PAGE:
I thought that the Conservatives had so far lived up to their latest more cuddly incarnation and their attempts to be the middle-of-the-road party. The way in which they dealt with the first few groups of amendments could certainly have fooled people into thinking that. However, on amendment No.1, the ugly face of Conservatism has re-emerged. People are right to be concerned about what will happen if parties to the dispute refuse to accept the settlement imposed under the Bill. If the Conservative amendment had stopped at disciplinary offences, we could have understood their logic—although we would not have supported it. However, the Conservatives have gone one step further. They want to include membership of trade unions. This is GCHQ all over again.
Does not the hon. Gentleman accept that the amendment is based on the current practice with police regulations? Members of police forces are not allowed to belong to a police force trade union—although, bizarrely, they can retain membership of a union that is irrelevant to their police service. Officers cannot belong to a police trade union, and it is a disciplinary offence to fail to obey a lawful order. I put it to the hon. Gentleman that what our constituents care about is the preservation of public safety and security. It is much to their credit that fire brigades members play as important a role as the police in protecting us against the threats that we face every day in our society.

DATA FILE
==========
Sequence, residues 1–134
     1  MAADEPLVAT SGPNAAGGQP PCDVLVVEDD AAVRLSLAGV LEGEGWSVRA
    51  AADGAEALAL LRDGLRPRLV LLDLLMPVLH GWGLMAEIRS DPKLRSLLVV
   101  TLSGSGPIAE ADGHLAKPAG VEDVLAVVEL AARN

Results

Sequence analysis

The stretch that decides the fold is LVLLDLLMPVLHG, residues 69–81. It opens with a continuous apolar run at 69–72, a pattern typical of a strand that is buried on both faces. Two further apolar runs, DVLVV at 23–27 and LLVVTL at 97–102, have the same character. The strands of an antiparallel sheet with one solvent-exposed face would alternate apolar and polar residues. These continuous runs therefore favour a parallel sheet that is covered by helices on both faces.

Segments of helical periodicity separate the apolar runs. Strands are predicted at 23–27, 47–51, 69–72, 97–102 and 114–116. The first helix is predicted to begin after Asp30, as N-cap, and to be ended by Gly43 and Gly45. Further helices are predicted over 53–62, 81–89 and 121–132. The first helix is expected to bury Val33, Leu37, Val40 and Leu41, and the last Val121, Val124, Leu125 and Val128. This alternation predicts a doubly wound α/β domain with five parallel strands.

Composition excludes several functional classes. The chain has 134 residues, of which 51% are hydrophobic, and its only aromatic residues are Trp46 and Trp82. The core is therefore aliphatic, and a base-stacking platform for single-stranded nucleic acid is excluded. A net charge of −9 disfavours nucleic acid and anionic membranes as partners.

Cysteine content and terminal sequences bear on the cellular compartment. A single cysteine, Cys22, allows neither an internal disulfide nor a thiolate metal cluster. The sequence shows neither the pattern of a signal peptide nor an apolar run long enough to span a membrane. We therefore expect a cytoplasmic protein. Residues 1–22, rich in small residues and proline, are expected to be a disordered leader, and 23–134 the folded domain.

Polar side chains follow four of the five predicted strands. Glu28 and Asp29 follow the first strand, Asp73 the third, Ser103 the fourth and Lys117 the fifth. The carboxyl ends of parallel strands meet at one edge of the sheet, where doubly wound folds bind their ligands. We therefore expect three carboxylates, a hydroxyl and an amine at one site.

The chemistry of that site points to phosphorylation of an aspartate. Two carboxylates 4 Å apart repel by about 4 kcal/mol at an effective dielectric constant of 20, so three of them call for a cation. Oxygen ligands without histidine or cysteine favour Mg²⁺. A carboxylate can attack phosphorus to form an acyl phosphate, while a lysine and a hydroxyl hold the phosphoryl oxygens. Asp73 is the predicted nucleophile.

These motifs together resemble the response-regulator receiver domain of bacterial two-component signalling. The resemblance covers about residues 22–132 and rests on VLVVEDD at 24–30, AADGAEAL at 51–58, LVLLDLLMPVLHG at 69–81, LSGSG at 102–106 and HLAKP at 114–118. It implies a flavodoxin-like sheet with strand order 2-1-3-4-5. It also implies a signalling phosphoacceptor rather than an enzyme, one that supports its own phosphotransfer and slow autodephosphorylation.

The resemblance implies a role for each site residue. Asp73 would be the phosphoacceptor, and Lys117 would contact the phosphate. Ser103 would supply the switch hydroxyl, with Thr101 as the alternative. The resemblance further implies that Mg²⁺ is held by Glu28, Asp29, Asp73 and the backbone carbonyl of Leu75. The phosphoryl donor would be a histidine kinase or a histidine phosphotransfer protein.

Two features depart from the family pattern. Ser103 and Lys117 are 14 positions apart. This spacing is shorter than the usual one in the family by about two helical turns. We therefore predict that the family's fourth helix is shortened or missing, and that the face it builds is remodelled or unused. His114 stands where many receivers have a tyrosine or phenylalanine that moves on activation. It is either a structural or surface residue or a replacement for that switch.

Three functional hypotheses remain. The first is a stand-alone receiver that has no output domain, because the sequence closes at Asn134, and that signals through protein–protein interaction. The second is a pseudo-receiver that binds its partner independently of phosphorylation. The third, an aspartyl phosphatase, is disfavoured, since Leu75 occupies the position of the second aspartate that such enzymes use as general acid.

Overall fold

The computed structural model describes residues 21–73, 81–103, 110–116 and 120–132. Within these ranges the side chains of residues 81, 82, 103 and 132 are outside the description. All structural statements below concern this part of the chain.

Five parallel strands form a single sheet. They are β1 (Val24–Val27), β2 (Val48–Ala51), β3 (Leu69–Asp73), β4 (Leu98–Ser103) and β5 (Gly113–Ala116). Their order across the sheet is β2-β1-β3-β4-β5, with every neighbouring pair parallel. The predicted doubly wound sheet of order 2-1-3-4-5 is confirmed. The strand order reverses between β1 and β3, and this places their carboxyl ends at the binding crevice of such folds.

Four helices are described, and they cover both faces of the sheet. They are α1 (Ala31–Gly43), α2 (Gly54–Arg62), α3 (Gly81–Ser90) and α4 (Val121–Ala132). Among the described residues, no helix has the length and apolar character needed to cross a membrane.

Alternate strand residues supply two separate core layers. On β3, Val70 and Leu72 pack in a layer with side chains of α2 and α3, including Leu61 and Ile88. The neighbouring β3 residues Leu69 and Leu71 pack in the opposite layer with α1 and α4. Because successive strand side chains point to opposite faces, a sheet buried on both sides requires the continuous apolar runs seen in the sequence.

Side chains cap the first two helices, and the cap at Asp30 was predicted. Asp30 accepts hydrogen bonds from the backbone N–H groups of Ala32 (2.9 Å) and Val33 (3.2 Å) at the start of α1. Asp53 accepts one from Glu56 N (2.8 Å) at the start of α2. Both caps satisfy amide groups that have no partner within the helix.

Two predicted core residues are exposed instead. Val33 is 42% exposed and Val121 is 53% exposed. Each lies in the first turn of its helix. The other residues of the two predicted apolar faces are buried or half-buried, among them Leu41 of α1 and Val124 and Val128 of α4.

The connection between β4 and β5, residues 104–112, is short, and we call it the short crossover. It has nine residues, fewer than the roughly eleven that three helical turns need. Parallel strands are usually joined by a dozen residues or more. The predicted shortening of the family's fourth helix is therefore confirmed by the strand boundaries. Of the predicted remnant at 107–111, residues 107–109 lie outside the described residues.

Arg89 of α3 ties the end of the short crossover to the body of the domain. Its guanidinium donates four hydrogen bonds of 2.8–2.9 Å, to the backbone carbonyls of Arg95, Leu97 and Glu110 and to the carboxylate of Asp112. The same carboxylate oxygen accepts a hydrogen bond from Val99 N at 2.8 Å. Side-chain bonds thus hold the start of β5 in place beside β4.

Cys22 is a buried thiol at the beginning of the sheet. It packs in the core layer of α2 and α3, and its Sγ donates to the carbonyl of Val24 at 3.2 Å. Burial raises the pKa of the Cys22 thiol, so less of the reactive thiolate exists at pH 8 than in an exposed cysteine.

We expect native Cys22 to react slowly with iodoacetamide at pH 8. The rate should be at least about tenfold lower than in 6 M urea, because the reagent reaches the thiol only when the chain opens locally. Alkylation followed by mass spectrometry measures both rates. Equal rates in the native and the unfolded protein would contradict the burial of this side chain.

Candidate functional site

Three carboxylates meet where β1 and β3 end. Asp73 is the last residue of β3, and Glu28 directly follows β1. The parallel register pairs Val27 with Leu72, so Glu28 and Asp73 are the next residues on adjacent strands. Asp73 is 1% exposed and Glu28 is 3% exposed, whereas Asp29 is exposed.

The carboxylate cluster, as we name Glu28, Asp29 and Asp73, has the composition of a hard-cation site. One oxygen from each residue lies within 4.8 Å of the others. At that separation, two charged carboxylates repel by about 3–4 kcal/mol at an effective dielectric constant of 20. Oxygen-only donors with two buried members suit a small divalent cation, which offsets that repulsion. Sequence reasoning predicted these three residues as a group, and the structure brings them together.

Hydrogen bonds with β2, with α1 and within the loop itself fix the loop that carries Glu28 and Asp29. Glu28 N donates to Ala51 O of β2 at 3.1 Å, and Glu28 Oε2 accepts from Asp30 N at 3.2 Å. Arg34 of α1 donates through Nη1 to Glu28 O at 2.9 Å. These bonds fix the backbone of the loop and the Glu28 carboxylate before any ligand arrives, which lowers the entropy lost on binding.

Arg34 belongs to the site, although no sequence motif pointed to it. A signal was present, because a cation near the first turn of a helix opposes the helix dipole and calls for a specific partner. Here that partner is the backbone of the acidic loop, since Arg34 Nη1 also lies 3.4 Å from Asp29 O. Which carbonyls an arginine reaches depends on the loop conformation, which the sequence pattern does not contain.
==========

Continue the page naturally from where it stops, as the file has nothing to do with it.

Ambulance workers do the same, as do workers in NHS accident and emergency departments and, to some extent, the people who work in our power stations. The logic of the amendment is that if—heaven forbid—there were to be another Conservative Government, strikes would be banned every time there was industrial action in any sector that could be said to affect public safety. Moreover, the workers in those sectors would be banned from belonging to trade unions. The amendment is more than draconian—